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Publication numberUS4857665 A
Publication typeGrant
Application numberUS 07/144,346
Publication dateAug 15, 1989
Filing dateJan 15, 1988
Priority dateJan 24, 1987
Fee statusLapsed
Also published asDE3702052C1
Publication number07144346, 144346, US 4857665 A, US 4857665A, US-A-4857665, US4857665 A, US4857665A
InventorsWalter Hinrichs, Herbert Hovestadt, Ludwig Lange, Kurt A. Ruppert, Erich Splett
Original AssigneeDegussa Aktiengesellschaft
Export CitationBiBTeX, EndNote, RefMan
External Links: USPTO, USPTO Assignment, Espacenet
Process for working up the filtration residue of crude sodium prepared by fusion electrolysis into a high-purity sodium alcholate
US 4857665 A
Abstract
A process for converting the filtration residue of crude sodium produced by fusion electrolysis into a sodium alcoholate with a low NaOH content. The residue first is intensively and continuously mixed for 2-5 hours at 300-600 C. and then is added with stirring to the particular alcohol, possibly with heat added. The alcoholate solution so formed is filtered and the alcoholate may be obtained from the filtrate by distilling off the solvent.
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Claims(10)
We claim:
1. A process for converting the sodium contained in the residue accumulating in the filtration of liquid crude sodium from fusion electrolysis into a sodium alcoholate with a low content of sodium oxide, sodium hydroxide and sodium carbonate in the form of a solution in said alcohol used for reacting the sodium comprising:
heating the filtration residue containing sodium, alloyed and suspended calcium, and oxidation products of sodium and calcium, under intense mixing to temperatures in the range from 300 to 600 C. for 2 to 6 hours, adding the so heat treated residue to an alcohol corresponding to the desired sodium alcoholate and being present in an amount required to achieve the desired final concentration in the solution, said alcohol being selected from the group consisting of lower aliphatic alcohols of 1 to 6 carbon atoms and aromatic alcohols of 6 to 12 carbon atoms, and separating the resulting alcoholate solution from insoluble impurities by filtering, all foregoing steps be carried out under inert gas atmosphere.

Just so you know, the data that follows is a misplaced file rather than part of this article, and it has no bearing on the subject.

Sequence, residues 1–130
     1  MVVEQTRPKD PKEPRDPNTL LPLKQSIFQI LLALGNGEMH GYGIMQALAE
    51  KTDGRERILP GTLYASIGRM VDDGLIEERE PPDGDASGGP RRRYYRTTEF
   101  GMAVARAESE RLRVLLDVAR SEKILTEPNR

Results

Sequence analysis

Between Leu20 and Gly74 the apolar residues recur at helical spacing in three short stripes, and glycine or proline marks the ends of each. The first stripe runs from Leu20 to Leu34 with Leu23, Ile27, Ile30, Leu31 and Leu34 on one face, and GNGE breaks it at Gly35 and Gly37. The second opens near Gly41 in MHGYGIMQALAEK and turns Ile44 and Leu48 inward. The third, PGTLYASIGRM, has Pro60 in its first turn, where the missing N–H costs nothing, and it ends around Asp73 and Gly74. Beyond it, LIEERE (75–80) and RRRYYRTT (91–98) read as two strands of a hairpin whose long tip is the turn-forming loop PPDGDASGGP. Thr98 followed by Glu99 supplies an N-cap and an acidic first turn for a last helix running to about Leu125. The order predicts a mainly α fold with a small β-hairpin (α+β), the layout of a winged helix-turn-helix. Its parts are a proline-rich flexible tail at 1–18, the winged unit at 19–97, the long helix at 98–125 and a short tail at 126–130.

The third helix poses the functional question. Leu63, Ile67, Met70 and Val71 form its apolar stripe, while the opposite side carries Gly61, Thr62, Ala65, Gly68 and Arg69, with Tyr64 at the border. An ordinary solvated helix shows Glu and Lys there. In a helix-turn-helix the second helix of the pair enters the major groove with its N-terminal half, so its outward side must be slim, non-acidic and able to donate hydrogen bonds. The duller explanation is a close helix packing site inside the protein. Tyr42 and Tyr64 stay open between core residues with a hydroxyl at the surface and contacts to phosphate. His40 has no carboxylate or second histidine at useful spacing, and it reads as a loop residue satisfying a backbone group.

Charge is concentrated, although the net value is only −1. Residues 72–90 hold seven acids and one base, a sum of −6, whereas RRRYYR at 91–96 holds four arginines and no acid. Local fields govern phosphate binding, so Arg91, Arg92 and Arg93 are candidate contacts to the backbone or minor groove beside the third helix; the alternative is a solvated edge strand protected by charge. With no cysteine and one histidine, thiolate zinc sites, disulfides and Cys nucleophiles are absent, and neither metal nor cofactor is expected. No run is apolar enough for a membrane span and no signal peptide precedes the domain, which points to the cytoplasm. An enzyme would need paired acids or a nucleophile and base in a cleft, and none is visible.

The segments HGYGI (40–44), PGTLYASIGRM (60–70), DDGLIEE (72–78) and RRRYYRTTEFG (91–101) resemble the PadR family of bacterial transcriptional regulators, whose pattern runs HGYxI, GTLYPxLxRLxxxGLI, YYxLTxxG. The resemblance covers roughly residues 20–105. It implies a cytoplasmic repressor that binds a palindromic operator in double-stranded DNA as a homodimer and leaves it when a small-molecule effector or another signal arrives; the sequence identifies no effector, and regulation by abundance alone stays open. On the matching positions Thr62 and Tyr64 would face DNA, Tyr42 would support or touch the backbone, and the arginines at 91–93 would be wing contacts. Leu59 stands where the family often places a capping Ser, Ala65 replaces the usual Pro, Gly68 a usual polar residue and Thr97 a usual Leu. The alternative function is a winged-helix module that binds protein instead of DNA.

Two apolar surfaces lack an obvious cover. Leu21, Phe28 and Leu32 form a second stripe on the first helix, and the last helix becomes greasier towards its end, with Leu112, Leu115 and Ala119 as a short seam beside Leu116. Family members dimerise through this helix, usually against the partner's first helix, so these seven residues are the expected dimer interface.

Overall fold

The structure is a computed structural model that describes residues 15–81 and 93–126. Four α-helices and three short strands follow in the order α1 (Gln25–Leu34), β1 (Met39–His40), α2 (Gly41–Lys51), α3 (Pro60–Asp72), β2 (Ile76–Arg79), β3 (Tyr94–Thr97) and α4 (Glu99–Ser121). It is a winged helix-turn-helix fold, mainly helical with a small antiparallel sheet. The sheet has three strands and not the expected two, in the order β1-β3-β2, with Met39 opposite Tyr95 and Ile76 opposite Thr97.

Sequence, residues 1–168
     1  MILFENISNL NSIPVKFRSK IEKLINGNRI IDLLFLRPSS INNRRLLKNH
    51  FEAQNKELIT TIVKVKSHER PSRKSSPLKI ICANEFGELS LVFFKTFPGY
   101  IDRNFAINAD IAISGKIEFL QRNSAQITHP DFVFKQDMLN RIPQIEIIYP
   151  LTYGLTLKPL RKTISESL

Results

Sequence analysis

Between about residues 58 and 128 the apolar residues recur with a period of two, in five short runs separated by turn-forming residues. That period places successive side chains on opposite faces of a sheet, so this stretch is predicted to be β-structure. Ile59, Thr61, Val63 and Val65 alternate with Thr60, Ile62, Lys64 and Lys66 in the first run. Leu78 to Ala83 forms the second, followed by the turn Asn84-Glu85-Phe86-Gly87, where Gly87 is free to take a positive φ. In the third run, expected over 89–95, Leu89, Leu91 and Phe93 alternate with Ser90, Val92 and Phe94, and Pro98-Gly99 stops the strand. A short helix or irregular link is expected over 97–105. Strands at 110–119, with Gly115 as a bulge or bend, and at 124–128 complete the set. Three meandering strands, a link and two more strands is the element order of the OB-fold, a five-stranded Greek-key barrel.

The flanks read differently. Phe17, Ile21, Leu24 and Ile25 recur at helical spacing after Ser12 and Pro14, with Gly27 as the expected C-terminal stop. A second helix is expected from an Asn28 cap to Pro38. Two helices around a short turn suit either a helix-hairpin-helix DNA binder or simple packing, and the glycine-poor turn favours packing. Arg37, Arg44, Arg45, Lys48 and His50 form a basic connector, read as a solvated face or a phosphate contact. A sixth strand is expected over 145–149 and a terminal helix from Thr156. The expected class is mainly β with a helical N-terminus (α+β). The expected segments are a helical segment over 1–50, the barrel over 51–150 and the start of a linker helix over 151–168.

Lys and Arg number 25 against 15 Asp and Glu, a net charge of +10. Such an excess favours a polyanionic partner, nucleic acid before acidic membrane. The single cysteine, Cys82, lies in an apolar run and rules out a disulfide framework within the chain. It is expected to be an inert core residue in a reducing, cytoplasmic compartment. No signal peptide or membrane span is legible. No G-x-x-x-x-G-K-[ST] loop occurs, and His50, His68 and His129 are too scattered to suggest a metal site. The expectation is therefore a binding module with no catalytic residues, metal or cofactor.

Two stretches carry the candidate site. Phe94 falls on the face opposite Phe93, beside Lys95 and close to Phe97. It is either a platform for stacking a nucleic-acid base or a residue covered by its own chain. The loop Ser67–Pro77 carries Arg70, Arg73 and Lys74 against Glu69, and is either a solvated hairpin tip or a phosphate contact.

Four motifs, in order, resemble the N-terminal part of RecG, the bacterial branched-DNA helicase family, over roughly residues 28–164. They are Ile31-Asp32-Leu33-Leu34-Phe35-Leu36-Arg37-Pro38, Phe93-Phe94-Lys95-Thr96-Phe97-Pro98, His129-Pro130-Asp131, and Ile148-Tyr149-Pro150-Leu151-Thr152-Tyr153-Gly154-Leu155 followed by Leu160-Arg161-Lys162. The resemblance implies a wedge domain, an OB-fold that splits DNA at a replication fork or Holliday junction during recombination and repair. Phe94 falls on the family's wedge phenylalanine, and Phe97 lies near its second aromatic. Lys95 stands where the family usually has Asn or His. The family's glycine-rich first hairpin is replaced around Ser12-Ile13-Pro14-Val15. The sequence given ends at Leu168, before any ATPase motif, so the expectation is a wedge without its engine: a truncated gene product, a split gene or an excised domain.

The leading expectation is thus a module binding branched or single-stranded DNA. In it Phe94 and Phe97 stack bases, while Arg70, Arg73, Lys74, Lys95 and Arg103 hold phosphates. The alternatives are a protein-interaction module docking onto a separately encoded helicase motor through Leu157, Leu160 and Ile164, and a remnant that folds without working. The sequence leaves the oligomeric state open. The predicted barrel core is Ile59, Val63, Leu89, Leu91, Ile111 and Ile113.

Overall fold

2. The process according to claim 1, wherein the heat treated intermediate product is shaped into pieces before adding it as a solid to the alcohol.
3. The process according to claim 1, wherein the heat treated intermediate product is cooled under stirring to a temperature above but near the melting point of sodium and stirring is continued for some time before adding it as a fluid mass to the alcohol.
4. The process according to claim 1, wherein solid, powdery sodium alcoholate is recovered by distilling off solvent.
5. The process according to claim 1, wherein the alcohol is a lower aliphatic alcohol of 1 to 6 carbon atoms.
6. The process according to claim 1, wherein the alcohol is methanol or ethanol.
7. The process according to claim 1, wherein the alcohol is an aromatic alcohol of 6 to 12 carbon atoms.
8. The process according to claim 7, wherein the alcohol is benzylalcohol or 2-phenylethanol.
9. The process according to claim 1, wherein the heating of the residue is carried out for 3 to 6 hours at a temperature in the range from 400 to 600 C.
10. The process according to claim 1, wherein the heat treated residue is added to the said alcohol and the resulting solution is heated to assist the reaction to form the corresponding sodium alcoholate.
Description